|Toy Brands and Manufacturers
Faller Bros. (Gebr. Faller) was founded by brothers Edwin Faller and Hermann Faller in around ~1946, initially to make simple wooden model building kits. The brothers moved from Stuttgart back to their home town of Gutenbach to set up their factory, and focused on creating distinctively detailed and intricate designs for their new plastic models and kits that tried to reflect "Black Forest" toymaking traditions, regardless of whether the buildings being modelled were "modern" European, or "historical".
This rejection of the "bland" and focus on more intriguing structures led to Faller becoming known for their specialised range of fairground and funfair pieces (including children's playgrounds).
Faller Car System
With the appearance of slotcar systems, Faller saw the opportunity to expanded their range of layout accessories to include working roadways, and produced Faller AMS (Faller Auto Motor Sport), based on a model vehicle motor design based on similar lines to the Aurora slotcar system sold in the US. While Faller did also produce slotcar racing systems with racetrack-style accessories, their range's most distinctive feature was its support for building working town- and cityscapes, making its closest counterpart Tri-ang's Minic Motorways system, which also supported urban roadways as well as racing sets, but was aimed at British-format 00-gauge (1:76) model railway layouts.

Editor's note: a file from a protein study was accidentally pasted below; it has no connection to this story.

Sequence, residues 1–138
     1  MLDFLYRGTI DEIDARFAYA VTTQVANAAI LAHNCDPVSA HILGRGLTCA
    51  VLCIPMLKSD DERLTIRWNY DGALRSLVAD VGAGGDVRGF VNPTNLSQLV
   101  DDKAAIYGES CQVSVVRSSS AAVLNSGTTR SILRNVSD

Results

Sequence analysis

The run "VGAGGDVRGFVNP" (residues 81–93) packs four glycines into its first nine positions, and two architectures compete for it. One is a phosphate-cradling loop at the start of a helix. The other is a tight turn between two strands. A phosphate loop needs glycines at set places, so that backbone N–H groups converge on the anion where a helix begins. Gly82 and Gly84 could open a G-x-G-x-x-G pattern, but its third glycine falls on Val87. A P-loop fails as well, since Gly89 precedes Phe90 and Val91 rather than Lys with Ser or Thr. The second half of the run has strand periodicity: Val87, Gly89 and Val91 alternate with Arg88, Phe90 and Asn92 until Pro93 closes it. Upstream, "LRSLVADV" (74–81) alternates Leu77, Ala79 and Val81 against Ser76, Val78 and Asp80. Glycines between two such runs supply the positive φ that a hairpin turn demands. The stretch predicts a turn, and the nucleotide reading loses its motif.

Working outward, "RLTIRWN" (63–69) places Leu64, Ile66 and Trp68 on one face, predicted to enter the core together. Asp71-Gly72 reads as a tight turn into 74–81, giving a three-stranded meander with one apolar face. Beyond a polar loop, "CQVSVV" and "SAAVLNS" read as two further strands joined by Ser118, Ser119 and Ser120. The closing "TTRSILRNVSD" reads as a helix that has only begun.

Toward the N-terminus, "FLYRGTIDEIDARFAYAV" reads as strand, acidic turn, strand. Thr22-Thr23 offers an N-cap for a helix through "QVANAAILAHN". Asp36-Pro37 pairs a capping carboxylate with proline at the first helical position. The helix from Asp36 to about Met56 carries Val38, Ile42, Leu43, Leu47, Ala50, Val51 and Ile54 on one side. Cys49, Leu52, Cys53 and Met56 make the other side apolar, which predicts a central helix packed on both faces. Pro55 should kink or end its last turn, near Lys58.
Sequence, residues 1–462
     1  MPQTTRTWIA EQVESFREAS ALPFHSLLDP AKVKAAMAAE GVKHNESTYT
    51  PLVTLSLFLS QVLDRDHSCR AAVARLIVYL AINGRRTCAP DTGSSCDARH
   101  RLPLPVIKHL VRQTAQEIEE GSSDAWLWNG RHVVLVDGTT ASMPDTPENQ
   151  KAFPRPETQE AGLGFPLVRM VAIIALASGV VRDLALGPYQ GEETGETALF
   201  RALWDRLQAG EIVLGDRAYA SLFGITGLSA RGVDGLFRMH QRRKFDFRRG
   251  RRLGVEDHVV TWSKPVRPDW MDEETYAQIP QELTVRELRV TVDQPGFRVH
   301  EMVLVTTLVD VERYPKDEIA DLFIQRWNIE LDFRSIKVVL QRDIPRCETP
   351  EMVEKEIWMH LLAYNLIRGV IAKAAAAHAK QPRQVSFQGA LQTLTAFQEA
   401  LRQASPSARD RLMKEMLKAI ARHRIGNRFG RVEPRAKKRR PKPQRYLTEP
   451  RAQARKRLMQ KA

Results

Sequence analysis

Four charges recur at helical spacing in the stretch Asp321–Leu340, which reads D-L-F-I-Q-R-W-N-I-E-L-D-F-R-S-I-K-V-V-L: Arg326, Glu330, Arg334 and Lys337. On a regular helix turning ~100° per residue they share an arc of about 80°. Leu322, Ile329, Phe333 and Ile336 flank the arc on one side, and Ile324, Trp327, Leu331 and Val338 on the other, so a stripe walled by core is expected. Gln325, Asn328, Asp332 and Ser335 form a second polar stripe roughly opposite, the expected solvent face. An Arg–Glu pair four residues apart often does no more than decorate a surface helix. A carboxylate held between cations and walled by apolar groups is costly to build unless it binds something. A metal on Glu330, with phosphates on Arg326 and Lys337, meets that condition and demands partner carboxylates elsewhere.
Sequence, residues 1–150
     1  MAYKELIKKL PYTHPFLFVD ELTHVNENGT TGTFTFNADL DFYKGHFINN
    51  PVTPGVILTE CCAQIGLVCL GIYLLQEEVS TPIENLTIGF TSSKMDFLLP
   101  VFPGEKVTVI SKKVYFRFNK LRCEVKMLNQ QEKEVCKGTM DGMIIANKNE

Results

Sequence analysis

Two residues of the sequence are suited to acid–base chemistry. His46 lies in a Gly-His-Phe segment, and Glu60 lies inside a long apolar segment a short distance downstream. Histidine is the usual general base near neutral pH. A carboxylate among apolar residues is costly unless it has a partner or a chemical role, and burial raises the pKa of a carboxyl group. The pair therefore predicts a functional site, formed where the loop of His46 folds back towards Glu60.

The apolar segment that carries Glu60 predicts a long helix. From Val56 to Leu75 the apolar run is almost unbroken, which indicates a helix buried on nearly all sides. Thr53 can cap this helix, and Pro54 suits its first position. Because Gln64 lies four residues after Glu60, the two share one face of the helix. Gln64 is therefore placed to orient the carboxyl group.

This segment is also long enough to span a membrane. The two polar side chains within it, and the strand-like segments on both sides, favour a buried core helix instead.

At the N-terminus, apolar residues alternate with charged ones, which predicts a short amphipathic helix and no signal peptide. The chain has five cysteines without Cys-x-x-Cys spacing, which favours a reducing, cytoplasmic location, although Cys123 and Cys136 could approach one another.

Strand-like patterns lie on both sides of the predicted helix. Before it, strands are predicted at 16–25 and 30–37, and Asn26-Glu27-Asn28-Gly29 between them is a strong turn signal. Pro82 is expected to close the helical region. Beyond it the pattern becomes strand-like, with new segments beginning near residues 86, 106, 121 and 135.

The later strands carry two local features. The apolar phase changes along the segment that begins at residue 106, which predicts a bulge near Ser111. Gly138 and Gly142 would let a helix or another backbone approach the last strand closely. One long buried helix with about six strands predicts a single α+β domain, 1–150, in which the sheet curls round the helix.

Faller's slotcar range was followed by the Faller Car System, which used battery-powered cars with a steel guide wire embedded in the roadway, which the car followed by means of a guide magnet attached to its steering mechanism. This avoided the need for obtrusive slots to be cut into the roadway, and allowed for a more realistic "flush" road surface.
The Faller Car System acquired more sophosticated features and sensors allowing cars to stop and start at junctions, and is now sold alongside a fully computer-controlled system.
Faller currently have ranges supporting H0, N and Z gauge model railway layouts. With their takeover of Pola in 1997, Faller also now sell the Pola G G-scale range, still under the Pola name (with Pola's products for other scales now incorporated into the broader Faller-branded range).
For a while (1950-1970s?), Faller also produced a range of plastic model aircraft kits in an unusual 1:100 scale. Although perhaps not as finely finished as some other plastic model aircraft ranges, they were popular with "kit-hackers" who would use them as the starting point for models of other variations on the basic core designs.
Starting in the 1970s, Faller also has a gauge 0 toy train for children, Faller Hittrain (in the UK, Tri-ang did something similar with the Big Big Train ). Hittrain was followed by a range with oversized superstructure closer to gauge 1, Faller Playtrain, that could take Playmobil figures. This was then followed by Faller eTrain, whose brass-railed track was suitable for garden railways as it wouldn't rust. The idea of using brass gauge 0 track with oversized locomotives and rolling stock as a suitable format for garden railways had previously been explored in the UK by Bowman Models.